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Vermicomposting Cat Litter?

Question from Ken:

Hello-live in a semi-rural location in Oregon. Have the cat wastes, with biodegradable litter, in an outdoor wooden sided bin. Would like to try worms.
What should we do to make the bin more attractive to worms? If we purchase worms, do I just dump the worms on top of the pile?
Thank you,

Hey Ken,
I’ve worked a fair bit with biodegradable cat litters, and can confirm that vermicomposting these wastes is indeed possible. But there are definitely some nuances (to put it mildly). The big challenge is almost always going to be ammonia release. Worms are extremely sensitive to this gas (it kills them at very low levels), and as I’m sure you know, the amounts wafting off of used cat litter can be enough make your nose hurt and eyes water.

SO…it is going to be important for there to be a pretty decent aging/composting period before worms get involved (i.e. absolutely don’t add them straight to the system). It sounds like you have actually been depositing the wastes in your bin for a period of time – so perhaps there are indeed zones further down where the worms would be ok.

Regardless, my advice would be to start by setting up another system very close to the litter system. This way the worms have a totally safe habitat to hang out in until the litter system is worm-friendly (assuming it isn’t already).

One of the systems I set up (a few years back) was a typical backyard composter where compostable cat litter/waste + bedding (cardboard etc) was deposited over time. What’s funny is that my plan had been to let it age for quite a long time before attempting to add the worms – but as it turned out, local Red Worms (from other systems in my yard) ended up finding it on their own and established themselves a lot more quickly than I thought would be possible!

Bottom-line, ya never know! But the key is to avoid taking any chances. Make sure they have a safe habitat somewhere close by, and you’ll likely start finding them in the litter system before long.

Hope this helps!
😎

Written by Bentley on May 15th, 2018 with 2 comments.
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Get your own gravatar by visiting gravatar.com Andrew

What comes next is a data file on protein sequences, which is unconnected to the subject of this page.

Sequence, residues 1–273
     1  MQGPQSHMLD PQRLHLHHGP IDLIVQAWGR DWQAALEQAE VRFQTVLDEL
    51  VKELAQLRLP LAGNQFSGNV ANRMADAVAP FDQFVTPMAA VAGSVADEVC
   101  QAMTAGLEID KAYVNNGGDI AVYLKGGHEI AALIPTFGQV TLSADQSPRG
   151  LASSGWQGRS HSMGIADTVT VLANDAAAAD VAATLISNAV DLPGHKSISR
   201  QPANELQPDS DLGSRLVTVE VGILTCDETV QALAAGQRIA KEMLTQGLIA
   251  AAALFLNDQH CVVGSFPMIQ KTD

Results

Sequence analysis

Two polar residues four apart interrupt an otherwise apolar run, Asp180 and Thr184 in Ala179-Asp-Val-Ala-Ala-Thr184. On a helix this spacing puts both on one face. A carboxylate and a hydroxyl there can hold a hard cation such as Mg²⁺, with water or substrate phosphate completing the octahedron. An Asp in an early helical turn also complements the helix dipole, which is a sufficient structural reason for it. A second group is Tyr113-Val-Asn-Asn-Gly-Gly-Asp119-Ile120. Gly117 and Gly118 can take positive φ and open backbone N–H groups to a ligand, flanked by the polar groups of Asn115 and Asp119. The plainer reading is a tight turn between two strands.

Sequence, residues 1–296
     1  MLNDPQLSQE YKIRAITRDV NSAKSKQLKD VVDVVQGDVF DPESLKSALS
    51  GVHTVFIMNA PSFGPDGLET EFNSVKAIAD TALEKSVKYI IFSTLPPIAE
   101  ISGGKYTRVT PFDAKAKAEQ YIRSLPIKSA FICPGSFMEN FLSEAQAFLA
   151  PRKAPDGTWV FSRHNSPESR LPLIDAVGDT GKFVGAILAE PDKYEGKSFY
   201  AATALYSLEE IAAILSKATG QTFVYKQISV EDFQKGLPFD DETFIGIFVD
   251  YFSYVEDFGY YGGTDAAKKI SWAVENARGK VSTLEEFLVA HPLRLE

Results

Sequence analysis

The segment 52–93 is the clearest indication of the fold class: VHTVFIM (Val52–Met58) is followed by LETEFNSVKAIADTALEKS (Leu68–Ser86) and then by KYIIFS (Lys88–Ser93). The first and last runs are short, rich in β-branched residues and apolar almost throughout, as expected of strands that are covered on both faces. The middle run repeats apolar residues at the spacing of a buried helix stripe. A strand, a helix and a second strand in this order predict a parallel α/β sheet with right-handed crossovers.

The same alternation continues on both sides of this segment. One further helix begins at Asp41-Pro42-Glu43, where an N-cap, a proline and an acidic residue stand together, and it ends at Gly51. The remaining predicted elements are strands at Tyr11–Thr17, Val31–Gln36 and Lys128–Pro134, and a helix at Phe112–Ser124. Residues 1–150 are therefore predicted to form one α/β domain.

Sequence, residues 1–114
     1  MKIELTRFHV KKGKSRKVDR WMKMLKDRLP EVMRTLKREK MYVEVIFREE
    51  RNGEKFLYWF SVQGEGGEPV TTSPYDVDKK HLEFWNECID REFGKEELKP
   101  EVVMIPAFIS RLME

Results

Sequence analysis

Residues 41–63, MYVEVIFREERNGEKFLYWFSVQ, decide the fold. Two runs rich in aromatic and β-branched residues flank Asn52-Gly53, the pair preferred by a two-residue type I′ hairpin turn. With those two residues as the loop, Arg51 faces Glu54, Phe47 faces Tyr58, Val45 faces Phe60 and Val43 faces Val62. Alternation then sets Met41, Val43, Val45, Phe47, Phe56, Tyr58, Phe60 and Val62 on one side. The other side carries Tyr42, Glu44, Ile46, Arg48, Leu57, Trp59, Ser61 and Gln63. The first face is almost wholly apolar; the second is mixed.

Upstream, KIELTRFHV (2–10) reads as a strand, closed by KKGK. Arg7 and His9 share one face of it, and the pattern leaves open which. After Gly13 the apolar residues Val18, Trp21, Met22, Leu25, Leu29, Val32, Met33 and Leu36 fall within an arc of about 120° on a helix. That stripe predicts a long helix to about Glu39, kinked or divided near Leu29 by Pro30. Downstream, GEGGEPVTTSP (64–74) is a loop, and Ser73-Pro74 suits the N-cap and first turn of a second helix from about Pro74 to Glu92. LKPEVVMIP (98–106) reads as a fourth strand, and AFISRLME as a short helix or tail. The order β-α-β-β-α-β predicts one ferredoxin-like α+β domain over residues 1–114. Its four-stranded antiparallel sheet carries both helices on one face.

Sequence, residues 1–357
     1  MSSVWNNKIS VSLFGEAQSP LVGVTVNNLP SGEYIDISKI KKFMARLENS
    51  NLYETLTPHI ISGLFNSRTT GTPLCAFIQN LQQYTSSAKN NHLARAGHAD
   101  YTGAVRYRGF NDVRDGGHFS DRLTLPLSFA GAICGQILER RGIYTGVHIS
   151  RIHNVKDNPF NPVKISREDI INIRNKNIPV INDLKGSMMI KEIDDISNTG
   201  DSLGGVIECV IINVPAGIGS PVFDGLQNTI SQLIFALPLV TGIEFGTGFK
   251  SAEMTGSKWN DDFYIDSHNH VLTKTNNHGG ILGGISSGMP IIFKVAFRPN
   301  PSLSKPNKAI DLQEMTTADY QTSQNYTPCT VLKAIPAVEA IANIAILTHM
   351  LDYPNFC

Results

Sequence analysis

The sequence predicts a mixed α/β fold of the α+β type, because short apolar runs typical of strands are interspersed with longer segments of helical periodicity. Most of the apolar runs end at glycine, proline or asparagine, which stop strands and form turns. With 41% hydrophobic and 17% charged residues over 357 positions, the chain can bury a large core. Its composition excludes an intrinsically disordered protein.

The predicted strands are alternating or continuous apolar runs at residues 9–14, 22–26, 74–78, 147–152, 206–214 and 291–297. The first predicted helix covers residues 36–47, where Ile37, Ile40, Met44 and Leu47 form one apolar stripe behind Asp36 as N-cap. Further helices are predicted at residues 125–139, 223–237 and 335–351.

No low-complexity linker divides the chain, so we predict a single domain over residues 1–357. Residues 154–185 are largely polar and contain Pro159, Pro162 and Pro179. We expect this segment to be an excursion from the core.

#1. May 17th, 2018, at 9:47 AM.

I currently compost my dogs waste, and I have a suggestion for the cat waste as well.

Currently I have 2 buckets setup, and I bokashi the poop. This process basically ferments the waste, and impregnates them with effective micro organisms. Once the bucket fills up, I let it sit closed off for 2 weeks to ferment completely. Once done, I bury the waste in my yard by digging a hole, dumping the bucket, mixing its contents with a little soil, and in a few weeks the waste is mostly turned into compost.

I have used bokashi waste(not poop, but kitchen scraps) in worm bins in the past, and they were eaten up fairly fast, so I would assume this pre-composting process for cat poop would be just as effective. I do plan on starting an outdoor bin for the dog waste in the near future to test.

I wouldn’t suggest using this compost in vegetable garden although supposedly the process of bokashi does kill off parasites, and harmful bacteria. But I would still advise against it unless you took a sample of the finish product in for testing.

To get started on this method you can either purchase bokashi bran, or purchase EM-1 and make your own bran/paper material. OR you can make your own EM solution. All this information is available online and high highly suggest it for pet waste.

Get your own gravatar by visiting gravatar.com Bentley
#2. May 17th, 2018, at 10:53 AM.

Hey Andrew
Really interesting idea! I remember being impressed with the lack of foul smell when I tried bokashi for kitchen scraps (including meat etc). Would be interesting to see how it works for pet wastes. I’ve been meaning to test out bokashi again – so perhaps this would be a good “excuse” to do so (now that I am collecting compostable cat wastes again).

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